Many of us consumer advocates were delighted to hear President Biden’s comment on junk fees “I’ve directed my administration to reduce or eliminate them.” The catch with the overall objective is that what people consider junk fees is not a homogenous set—and that no single approach will solve all junk fee problems. Some are outright deceptions, some are overpricing, some are clearly unfair to everyone, some are unfair to only a subgroup of consumers—and each problem requires a different remedy. You don’t have to leave the travel marketplace to find examples of both fees and fixes.
In my view, the worst junk fee in travel is not really a fee at all: A Hotel “resort” or similarly named fee is simply a portion of the true regular price that hotels carve out in order to post the low-ball remainder on search systems and in some advertising. Although hotels post a list of amenities the fees are supposed to cover, the fees aren’t optional: You have to pay them.
Some people complain that resort fees are “hidden,” but that’s not strictly true: hotels do disclose them before you buy, but they hide part of the true price from you when you start a hotel search or read a promotional piece.
The remedy here is simple: The Federal Trade Commission (FTC) has authority to police deceptive advertising, and it has previously admitted that the practice of splitting a true cost into a phony lowball figure with the remainder added later is, in FTC language, “per se deceptive.” The remedy here isn’t eliminating the fee; if hotels want to allocate revenue between rooms and amenities, that’s fine, as long as they present the true total cost to consumers from the get-go. In short, the fix is to take the deception out. Currently, the FTC is again looking at the situation. All the president needs to do is tell the FTC, “Enough with the looking; just do your job.” We’ll see how that works out.
Airline fees are different. The Department of Transportation (DoT) has already prohibited airlines from splitting its true fare into a phony base plus a “fuel surcharge” or any other mandatory fee. Some lines still do make that separation in their accounting, but so long as they post the total cost to consumers, all’s well with the pricing.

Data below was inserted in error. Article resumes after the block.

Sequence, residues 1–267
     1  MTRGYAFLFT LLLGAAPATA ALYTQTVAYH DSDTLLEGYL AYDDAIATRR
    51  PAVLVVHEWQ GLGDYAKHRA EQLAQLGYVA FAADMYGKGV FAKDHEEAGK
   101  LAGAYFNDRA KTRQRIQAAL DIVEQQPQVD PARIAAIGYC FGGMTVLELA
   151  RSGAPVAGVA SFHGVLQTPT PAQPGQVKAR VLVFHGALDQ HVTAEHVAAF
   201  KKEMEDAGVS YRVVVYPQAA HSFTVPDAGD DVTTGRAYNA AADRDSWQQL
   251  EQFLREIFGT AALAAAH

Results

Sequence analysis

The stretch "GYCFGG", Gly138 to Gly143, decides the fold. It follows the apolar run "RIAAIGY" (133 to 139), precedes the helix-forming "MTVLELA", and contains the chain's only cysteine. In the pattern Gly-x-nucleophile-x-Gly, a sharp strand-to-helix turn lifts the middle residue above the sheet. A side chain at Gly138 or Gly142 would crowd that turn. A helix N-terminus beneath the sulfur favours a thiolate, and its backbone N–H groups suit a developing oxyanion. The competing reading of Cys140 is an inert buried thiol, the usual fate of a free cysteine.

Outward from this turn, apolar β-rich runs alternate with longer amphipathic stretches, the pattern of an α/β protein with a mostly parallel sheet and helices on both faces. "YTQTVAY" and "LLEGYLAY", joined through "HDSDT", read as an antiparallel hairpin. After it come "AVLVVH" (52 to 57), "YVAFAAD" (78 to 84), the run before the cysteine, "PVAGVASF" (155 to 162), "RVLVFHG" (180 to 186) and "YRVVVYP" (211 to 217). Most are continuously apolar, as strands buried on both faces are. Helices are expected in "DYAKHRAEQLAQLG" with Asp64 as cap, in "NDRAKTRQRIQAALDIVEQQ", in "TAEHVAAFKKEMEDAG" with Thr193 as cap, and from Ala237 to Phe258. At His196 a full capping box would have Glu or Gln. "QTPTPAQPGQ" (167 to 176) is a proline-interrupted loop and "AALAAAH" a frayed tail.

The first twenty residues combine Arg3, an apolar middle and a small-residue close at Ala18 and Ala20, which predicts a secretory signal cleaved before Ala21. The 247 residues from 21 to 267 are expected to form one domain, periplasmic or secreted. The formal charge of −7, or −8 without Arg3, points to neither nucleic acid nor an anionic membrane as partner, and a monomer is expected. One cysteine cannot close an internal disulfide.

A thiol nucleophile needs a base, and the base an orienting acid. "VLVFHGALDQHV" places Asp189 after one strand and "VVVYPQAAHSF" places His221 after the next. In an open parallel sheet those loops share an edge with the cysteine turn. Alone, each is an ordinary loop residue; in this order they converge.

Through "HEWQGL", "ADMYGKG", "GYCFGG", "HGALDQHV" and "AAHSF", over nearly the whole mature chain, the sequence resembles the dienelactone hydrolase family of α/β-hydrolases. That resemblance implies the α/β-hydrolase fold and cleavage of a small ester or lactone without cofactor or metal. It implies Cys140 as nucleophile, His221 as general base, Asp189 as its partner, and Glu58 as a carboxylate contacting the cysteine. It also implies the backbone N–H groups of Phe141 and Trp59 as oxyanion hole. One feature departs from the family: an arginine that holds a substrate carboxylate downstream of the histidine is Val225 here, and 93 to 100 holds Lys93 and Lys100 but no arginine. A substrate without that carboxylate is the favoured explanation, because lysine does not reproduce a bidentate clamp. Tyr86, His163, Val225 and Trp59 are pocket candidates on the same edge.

The problems with airline fees involve excessive charges and fairness. Currently, DoT is deciding whether requiring families to pay extra to assure that a minor child is seated next to an accompanying adult is fair. It obviously isn’t fair. And there’s a good chance DoT will issue a rule to require seating minor children next to an adult in the travel party.
Airline fees for truly optional extras are problematic. Is $20 to check a bag excessive? Is $50 unfair? What about $60 for a carry-on bag in the overhead bin? Should these fees be reduced or outlawed?
Clearly, the easiest solution is simply to allow consumers to compare alternatives on a consistent basis—in effect, an issue of presentation. Opponents of pricing clarity cite the huge number of possibilities an airline or online agency would have to post, but that’s a straw man. The answer here is simple and easy: filters. Set up a fare search in which a consumer enters what extras he/she wants from the start—a checked bag, a meal, an assigned seat, a preferred seat location, whatever, and the computers can easily post a single apples-to-apples price comparison of prices from all lines. Ditto the claim that eliminating fees would raise fares. In a technical sense, it would, but not the total price: Honest presentation would just lump all the mandatory price components into the fare.
Fees in other markets and other travel problems are likely to be more intransigent than travel fees. I’ve just shown simple, straightforward fixes to the three worst offenders in travel. All we need is the resolve and authority to do what we already know we should. Easy peasy.